All of these books are great teaching tools: If you’re a photographer who wants to make a photobook (and who doesn’t these days?) the best way to approach doing that is by getting educated about the medium, to see what people have done before and how. In all likelihood, you will discover a wide variety of approaches plus, possibly, things you haven’t even thought of before. Of course, you want to make your own photobook; but I’ve found that most photographers tend to look at a very narrow range of books themselves, and they end up being genuinely surprised and thrilled when other books are pointed out to them.

The possibly best way to learn about photobook making is trying to reverse engineer a book that has already been made: How does it work? How does it operate? How exactly does it convey its message? What does it do well, and what isn’t working? This is often a very tough task if all you’ve got is the book itself, and if you don’t know much about photobook making (yet). Approached from that angle none of the books above really gets you into the guts of the individual books, as much as they will provide you with very useful pointers.

This then is where books like Looking For Love On The Left Bank enter. This books dissects Ed van der Elsken’s highly influential Love on the Left Bank. It’s quite unlikely you’ll be interesting in Looking for Love unless you want to get a much better idea of the original book itself. It’s a book for specialists, not the broader public. But any photographer who wants to make a photobook is such a specialist (or at least should be; if you just plop images into a template and call it a day, you’re obviously not). Another example is now being provided by Paris Mortel retouché, a book looking at Johan van der Keuken’s Paris Mortel, created and published by Willem van Zoetendaal (the fact that both Van der Elsken and Van der Keuken were Dutch tells us something, and you can look up what it does either in the Parr/Badger books or in The Dutch Photobook: A Thematic Selection from 1945 Onwards).

In a nutshell, Paris Mortel retouché combines the Errata approach with what Looking for Love has to offer. You get to see the book itself (photographed just like in the Errata model). On top of that, there also is a reproduction of Van der Elsken’s third dummy. Plus there are many unpublished photographs. This is about as good as it can get for a photobook, if (and let’s remember this: only if) you want to really dive into a particular book and see how it works. To compare the dummy and the published book is highly instructive, for example. The differences in edit and layout are telling.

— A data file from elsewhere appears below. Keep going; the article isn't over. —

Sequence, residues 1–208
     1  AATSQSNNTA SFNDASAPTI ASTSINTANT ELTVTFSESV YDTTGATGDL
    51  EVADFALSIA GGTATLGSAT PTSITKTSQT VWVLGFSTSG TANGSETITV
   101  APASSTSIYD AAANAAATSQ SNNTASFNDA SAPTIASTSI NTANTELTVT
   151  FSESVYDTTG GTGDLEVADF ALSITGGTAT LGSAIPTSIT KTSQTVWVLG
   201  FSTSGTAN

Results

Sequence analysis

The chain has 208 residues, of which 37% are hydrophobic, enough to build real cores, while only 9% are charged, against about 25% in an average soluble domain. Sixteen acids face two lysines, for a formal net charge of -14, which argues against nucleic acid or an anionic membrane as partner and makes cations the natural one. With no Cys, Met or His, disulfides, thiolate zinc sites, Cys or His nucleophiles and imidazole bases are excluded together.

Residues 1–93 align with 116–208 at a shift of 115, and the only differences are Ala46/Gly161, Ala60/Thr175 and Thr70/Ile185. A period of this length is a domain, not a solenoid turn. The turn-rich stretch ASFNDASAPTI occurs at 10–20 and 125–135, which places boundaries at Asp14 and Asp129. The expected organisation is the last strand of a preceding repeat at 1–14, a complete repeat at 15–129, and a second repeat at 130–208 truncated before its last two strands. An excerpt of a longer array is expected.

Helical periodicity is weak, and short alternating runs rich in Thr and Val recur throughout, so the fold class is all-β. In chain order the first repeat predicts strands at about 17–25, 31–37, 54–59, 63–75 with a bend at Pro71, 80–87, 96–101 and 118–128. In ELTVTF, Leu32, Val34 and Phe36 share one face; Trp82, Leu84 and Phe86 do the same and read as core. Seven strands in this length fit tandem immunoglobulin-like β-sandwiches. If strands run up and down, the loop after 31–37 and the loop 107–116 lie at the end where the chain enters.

For what it’s worth, I personally think the dummy version is much better than the final book, despite the fact that it would gain from a more rigourous edit. Your assessment might differ, of course. Paris Mortel retouché gives you the chance to look at this aspect of photobook making – exactly the kinds of problems so many photographers struggle with when making books (how do you edit this thing?).

Thus, while Paris Mortel retouché is unlikely to appeal to people who simply want to look at and enjoy photobooks, anyone interested in making a photobook, in learning how photobooks work and how they are made, might want to have a look at this book. It’s about as good as it gets; and it’s produced with restraint. You’re not being flooded with too much material. You don’t have to pick your way through a lot of contact sheets etc.

Highly recommended.

Paris Mortel retouché; photographs, dummy, and book by Johan van der Keuken; essay by Willem van Zoetendaal; 188 pages; Van Zoetendaal Publishers

A conversation with Dorothee Deiss

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Dorothee Deiss

Dorothee Deiss is one of the winners of the Conscientious Portfolio Competition 2013. In her statement about the work, juror Alice Rose George Rose wrote:

“I find myself going back again and again to these portraits by Dorothee Deiss. Yes, they are inherently fascinating because they show people with what seems to be some physical or mental handicap, but they don’t let you go after the initial surprise. At first they may disturb because they aren’t ‘normal’, but the sensation moves surely and quietly to acceptance and a growing curiosity. Who are these people? What do they feel? How am I to face them? They seem so brave and trusting and vulnerable. They look directly back at the photographer. It’s almost as if they would reverse the roles. The light is bright, more like an examining light than one in a formal portrait; it reveals the mistakes of the flesh but is not mean. And the background is not black, which would be harsh and drama-making, but is a light grey or neutral shade that frames the subjects comfortably — not too tight as to be imposing or distorting, not too wide as to be distancing. The quality of the image making, the surprise of discovering these individuals, and the intelligent and unflinching eye of the photographer make these photographs my choice for the Conscientious Portfolio Prize.”

I spoke with Dorothee about her ideas of portraiture and her work.

Jörg Colberg: Let’s start with a simple question first. What makes a good portrait? What is it a good portrait has that a bad one doesn’t have?

Dorothee Deiss: That’s not a simple question at all. For a long time I have been looking for the ingredients of a good portrait. In my mind a good portrait strives for honesty, truth, intensity, empathy and respect. It dignifies and makes some kind of beauty visible. It is an emotionally striking picture of somebody, where one could catch a glimpse behind the „surface“. A good portrait doesn’t denude, it keeps a secret which the viewer is able to reveal in many different ways.

Portraiture is mostly about nonverbal communication and the relationship between the subject and the photographer, as well as between the picture and the viewer. For me, it is loaded with a lot of human, social, and ethical expectations. A portrait should capture the richness, complexity, and dimensions of human experience.